The trade is optimistic about January sales despite predictions business could be less than half the usual levels and that summer could be an “ultra-late” market.

Industry veteran Steve Endacott said he anticipates peaks will be 30% to 40% of traditional levels because of uncertainty over the speed and rollout of low-cost Covid testing.

But agents and operators said a recent pick-up in demand had given them strong grounds for hope that a greater number of people would book in January.

Designer Travel managing director Amanda Matthews said: “Even if it’s not level with the previous year, I feel it will be better than [Endacott’s prediction].” She said a shorter quarantine period and faster testing could see demand “ramp up sooner than many think”.

The Travel Network Group said members’ clients were in the “fact-finding stage” and planned to book “soon”. A spokeswoman said: “We are hopeful this will be in January.”

But domestic operator Great Little Breaks forecast a “slow start” to January. Director of trade relations Chris Cundall said the “bounce” would come with more insight of “when things may be back to normal.”

Endacott warned firms to adapt January campaigns with “measure and react fast” policies based on demand.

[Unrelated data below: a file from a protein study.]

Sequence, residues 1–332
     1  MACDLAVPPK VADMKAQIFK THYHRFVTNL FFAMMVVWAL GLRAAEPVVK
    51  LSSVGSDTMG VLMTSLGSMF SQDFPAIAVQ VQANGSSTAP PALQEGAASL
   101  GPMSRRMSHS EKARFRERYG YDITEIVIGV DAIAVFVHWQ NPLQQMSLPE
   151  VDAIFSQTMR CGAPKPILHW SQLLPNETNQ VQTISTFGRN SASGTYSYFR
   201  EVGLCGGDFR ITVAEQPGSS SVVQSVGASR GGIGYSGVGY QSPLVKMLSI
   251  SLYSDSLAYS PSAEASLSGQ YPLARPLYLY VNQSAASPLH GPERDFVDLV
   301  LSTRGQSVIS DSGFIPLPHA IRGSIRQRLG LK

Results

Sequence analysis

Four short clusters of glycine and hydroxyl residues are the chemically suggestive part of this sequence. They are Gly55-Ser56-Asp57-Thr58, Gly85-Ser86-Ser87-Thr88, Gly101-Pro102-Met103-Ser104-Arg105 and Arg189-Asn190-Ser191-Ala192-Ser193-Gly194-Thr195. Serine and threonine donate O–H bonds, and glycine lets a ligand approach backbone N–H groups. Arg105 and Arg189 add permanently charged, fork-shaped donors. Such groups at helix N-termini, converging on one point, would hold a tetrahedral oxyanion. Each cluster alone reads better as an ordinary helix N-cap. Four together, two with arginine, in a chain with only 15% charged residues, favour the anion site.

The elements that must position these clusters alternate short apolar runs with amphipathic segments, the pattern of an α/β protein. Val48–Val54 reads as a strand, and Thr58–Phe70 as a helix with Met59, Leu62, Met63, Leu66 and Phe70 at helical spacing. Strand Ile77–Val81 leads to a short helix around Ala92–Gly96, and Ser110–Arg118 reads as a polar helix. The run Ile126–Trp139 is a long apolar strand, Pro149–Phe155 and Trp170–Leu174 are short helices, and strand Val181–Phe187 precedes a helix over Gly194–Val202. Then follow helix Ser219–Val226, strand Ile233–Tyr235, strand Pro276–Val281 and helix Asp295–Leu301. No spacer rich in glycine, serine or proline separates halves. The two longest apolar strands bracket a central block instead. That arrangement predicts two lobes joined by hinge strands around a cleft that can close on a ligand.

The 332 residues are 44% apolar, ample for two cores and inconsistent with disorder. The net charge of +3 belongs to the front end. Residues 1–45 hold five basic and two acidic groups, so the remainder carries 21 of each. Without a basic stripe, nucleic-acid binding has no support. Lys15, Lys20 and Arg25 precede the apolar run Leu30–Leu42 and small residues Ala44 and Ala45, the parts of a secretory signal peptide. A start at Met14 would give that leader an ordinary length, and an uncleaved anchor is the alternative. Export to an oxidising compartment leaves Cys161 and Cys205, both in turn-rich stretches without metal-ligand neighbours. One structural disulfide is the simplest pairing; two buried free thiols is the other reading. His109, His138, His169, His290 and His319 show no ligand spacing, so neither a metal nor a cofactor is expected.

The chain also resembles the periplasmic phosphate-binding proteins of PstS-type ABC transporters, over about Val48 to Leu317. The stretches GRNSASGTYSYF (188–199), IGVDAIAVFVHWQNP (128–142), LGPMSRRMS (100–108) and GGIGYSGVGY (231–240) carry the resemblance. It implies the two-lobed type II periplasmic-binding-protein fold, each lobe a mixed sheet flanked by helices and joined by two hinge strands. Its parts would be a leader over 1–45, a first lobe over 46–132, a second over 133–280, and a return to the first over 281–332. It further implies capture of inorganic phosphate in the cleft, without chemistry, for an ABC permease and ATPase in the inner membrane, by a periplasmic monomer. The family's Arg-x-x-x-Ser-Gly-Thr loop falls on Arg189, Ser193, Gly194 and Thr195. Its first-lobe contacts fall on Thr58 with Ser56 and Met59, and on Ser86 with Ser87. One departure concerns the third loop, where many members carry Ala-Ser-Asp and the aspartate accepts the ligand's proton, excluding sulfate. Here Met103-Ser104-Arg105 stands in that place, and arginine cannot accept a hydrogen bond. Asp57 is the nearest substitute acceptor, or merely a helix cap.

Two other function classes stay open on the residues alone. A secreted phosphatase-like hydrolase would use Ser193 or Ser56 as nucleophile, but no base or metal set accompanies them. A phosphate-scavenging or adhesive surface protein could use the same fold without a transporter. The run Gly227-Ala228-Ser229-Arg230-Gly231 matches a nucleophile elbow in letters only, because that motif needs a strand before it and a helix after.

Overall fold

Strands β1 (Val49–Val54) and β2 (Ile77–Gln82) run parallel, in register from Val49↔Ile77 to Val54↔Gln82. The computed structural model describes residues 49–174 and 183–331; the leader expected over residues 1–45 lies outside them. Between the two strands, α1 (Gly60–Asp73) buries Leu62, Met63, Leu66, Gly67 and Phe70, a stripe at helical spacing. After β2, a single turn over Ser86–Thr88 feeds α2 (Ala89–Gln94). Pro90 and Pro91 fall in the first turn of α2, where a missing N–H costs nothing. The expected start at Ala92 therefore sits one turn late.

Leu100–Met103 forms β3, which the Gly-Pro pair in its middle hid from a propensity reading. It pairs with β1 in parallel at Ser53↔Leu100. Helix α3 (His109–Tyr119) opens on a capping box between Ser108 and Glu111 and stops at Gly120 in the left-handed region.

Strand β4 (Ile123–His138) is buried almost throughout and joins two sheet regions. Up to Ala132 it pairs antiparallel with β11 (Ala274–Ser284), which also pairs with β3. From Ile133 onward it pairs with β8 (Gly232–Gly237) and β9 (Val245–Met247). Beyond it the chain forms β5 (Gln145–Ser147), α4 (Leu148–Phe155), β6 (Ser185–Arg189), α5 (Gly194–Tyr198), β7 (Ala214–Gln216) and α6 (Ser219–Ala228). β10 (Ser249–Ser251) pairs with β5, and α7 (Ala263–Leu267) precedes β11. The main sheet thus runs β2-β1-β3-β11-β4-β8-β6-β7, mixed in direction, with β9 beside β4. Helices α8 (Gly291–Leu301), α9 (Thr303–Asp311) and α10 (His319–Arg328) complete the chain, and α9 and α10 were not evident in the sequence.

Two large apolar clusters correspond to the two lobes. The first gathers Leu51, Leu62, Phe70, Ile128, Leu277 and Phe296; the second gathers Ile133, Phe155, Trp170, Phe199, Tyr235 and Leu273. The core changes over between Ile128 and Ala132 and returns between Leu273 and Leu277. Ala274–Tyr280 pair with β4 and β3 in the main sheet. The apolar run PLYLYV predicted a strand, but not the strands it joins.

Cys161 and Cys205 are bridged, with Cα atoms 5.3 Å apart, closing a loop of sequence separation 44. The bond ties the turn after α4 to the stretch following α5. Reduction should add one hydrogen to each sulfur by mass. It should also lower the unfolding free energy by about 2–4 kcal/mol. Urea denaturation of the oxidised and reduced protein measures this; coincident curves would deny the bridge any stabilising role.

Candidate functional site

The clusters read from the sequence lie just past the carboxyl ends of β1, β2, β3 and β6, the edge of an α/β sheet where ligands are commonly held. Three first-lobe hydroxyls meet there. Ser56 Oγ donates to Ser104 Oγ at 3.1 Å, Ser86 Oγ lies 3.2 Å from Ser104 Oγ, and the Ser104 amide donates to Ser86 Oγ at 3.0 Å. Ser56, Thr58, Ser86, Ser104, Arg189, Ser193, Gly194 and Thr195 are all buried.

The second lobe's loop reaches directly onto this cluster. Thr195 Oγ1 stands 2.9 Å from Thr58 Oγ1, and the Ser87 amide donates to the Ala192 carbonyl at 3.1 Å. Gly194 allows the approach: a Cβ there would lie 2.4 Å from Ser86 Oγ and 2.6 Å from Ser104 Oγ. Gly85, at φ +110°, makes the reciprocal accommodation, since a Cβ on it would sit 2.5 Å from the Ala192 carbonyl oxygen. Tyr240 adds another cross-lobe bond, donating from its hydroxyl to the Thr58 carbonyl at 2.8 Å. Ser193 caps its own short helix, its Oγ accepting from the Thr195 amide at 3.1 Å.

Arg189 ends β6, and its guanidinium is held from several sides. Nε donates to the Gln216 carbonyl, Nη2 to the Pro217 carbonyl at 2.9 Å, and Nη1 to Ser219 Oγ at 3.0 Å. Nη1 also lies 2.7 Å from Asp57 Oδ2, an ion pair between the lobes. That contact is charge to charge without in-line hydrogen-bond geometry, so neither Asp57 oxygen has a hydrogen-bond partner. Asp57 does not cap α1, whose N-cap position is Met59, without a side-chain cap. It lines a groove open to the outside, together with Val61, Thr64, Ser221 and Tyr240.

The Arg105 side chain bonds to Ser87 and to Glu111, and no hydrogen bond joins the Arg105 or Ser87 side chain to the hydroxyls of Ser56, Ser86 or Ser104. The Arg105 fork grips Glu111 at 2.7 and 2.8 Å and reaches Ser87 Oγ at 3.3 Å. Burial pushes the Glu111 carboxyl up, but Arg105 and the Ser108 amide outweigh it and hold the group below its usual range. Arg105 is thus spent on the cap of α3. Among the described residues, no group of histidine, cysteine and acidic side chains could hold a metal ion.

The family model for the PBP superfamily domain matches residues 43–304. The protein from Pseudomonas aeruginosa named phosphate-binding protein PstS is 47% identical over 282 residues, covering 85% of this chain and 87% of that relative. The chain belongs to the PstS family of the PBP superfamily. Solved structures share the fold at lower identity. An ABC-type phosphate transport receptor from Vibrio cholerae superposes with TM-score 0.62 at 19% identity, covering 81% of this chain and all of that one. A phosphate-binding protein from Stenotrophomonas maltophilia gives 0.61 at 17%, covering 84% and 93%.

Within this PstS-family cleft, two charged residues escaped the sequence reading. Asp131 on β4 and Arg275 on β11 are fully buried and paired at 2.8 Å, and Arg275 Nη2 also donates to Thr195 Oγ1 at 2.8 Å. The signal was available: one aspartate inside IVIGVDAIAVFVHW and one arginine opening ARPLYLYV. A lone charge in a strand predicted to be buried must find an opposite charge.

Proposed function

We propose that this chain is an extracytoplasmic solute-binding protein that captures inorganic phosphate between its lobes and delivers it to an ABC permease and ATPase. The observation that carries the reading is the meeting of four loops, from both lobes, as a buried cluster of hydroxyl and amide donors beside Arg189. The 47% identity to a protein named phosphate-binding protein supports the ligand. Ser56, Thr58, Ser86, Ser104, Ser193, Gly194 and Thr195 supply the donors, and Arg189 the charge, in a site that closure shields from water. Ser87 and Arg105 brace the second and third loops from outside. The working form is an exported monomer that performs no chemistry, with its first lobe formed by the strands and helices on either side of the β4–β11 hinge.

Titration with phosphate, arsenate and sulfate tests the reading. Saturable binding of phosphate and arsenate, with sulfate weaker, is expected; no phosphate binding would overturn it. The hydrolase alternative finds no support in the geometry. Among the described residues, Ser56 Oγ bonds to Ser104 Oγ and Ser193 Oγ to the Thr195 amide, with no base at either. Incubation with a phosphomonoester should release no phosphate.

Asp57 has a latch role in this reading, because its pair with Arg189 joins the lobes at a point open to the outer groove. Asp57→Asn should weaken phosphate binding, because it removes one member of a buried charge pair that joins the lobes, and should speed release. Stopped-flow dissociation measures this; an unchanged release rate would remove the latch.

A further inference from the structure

He suggested the older market could be the fastest to return after receiving the vaccine first, while the family sector, which normally accounts for 60% of peaks sales, may be reluctant because of testing costs.

Matthews agreed firms needed to be “nimble, flexible and prepared to go with whatever sector of the market is booking” but said Designer Travel was already seeing a “good mix of adults and families” booking and a rise in long-haul sales.

Debbie Goffin, sales and marketing director at Premier Holidays, said its peaks plan was flexible based on agents’ needs, with demand polarised between late bookers and those booking a long way out.

She said: “We have a plan for peaks that’s flexible depending on customer appetite in the new year and agents’ needs. “

She predicted an increasing number of long lead-in times due to the company’s focus on long-haul destinations, but anticipated closer-to-home options offered by Premier, including the Isles of Scilly and Jersey, to continue to be popular in 2021.

Barrhead Travel said January would “not be the same this year for any business in the travel industry” but that price would be key, particularly for families.

President Jacqueline Dobson said the lates market was likely to be “the most popular option” for bookings for next summer once clients were able to make “an informed decision” on travel.

“We will be preparing for a peaks of some sort and we will be ready to react to the market throughout the course of January,” said Dobson. “We need to plan for all scenarios. Businesses should have contingencies in place for marketing and resource as well as being able to flex and adapt. The role of the travel agent will be more important than ever.

Endacott predicted flight capacity would “return rapidly for summer 2021” as demand increases, creating an “ultra-late” market, but he believes it will only return to around 70% of 2019 levels.